When a user uploads a new document, they must assign that document to a certain category and subcategory. Our current solution uses two drop-down lists for this.
So currently the workflow looks like this:
- User selects category
- The options for the subcategory are loaded in the second drop-down list, depending on the selection for the first drop-down list
- User selects subcategory
However, there is a major limitation to this solution: the user cannot analyze all the possibilities at a glance. This means that if they have certain subcategories in mind, but do not know the corresponding category of the desired subcategory, they will have to click on all the categories in a trial and error manner. to find the required subcategory.
Since the subcategories are loaded lazily when a category has been selected, there is also no possibility to search in all the subcategories.
Another stumbling block regarding research is that there could be sub-categories also named in different categories.
I have read similar questions here on UXSE and the only viable alternative seems to be a tree view. I don't think there is anything wrong with tree views in general. However, the categories and subcategories are created and maintained by administrators and are therefore not limited in number. So we are dealing with 1 ..not categories, which each contain 1..m sub-categories. Therefore, the tree can become quite large, which makes it very difficult to read and use.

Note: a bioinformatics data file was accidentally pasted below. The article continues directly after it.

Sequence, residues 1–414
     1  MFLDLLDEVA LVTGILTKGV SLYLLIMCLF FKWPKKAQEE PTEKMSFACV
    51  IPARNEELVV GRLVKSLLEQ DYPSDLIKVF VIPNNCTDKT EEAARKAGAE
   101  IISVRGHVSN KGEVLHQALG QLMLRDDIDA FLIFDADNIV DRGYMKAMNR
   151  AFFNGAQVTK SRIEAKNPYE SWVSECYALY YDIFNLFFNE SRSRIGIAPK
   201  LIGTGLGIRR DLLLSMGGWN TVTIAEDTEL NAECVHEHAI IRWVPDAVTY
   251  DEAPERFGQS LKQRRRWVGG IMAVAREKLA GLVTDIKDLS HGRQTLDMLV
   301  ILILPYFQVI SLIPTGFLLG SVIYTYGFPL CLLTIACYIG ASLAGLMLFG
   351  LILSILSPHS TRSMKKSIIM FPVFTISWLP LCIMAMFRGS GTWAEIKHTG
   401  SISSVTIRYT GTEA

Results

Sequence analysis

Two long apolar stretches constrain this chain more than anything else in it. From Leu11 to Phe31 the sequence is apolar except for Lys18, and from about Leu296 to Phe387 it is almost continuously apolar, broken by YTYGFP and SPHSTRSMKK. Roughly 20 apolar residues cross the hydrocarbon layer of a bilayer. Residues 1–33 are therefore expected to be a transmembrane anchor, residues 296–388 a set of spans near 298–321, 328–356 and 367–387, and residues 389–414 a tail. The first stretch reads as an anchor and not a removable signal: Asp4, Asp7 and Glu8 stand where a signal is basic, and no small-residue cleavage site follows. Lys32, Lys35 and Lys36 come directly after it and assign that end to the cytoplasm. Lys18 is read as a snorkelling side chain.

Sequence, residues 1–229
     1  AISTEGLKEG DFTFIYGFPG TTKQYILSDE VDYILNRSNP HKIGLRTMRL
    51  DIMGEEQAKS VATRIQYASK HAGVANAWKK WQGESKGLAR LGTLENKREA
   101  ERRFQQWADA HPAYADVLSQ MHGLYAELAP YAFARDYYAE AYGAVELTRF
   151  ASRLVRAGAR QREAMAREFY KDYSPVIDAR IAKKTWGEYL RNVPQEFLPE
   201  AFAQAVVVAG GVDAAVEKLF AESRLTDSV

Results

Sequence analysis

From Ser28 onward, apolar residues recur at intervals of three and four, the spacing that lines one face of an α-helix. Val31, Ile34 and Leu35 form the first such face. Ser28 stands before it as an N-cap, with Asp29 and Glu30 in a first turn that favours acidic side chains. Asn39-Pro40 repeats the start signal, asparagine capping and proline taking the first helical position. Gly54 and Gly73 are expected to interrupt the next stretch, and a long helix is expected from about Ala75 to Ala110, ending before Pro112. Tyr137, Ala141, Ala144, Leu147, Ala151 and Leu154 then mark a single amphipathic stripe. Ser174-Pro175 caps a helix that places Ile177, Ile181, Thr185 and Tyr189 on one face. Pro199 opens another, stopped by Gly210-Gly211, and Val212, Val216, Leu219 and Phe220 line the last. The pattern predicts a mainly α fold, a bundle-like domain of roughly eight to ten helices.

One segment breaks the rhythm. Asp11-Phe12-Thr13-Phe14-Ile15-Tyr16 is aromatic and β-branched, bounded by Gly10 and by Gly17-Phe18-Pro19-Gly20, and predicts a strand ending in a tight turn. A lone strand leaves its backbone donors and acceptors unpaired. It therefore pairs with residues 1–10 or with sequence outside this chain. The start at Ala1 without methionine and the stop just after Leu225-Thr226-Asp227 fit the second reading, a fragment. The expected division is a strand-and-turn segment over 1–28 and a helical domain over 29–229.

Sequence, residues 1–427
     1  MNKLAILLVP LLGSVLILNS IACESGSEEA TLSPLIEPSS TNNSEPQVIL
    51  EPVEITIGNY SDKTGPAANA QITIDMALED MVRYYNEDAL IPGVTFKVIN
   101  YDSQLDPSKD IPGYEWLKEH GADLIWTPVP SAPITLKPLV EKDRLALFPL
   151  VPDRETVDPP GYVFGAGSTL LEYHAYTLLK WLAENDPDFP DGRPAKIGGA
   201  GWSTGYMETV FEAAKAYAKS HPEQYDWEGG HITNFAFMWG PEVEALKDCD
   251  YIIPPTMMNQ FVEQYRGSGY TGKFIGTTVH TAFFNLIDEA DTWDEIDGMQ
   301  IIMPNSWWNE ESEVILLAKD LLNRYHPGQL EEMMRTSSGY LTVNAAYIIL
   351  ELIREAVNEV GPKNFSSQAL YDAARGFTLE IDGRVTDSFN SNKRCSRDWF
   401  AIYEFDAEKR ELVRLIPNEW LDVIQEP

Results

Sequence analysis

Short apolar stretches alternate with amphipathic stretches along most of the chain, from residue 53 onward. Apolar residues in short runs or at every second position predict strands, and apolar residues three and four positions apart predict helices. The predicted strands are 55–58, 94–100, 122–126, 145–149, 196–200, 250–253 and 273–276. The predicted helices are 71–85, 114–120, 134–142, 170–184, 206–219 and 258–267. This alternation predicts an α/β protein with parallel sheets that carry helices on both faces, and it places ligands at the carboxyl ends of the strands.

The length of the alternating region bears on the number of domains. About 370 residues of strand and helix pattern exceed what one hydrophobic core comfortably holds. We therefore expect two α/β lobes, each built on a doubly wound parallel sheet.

The same goes for a singular drop-down list with both categories and subcategories (indented).
- Exactly a category and a subcategory can and should be selected.
- The hierarchy is limited in depth as described. There are no sub-subcategories.
- The categories are unique.
- The subcategories are unique in their category, but not globally (there might be a subcategory of the same name in another category).
- No constraint on the number of categories and the number of subcategories.
It is easier and more convenient for the user to select a category and a subcategory. Especially if the user is unsure of the required (sub) category, it would be very helpful to have an overview of what is available.
Is there something missing? There has to be a smart way to do it. Or is our current solution already the most feasible option? Any contribution is greatly appreciated!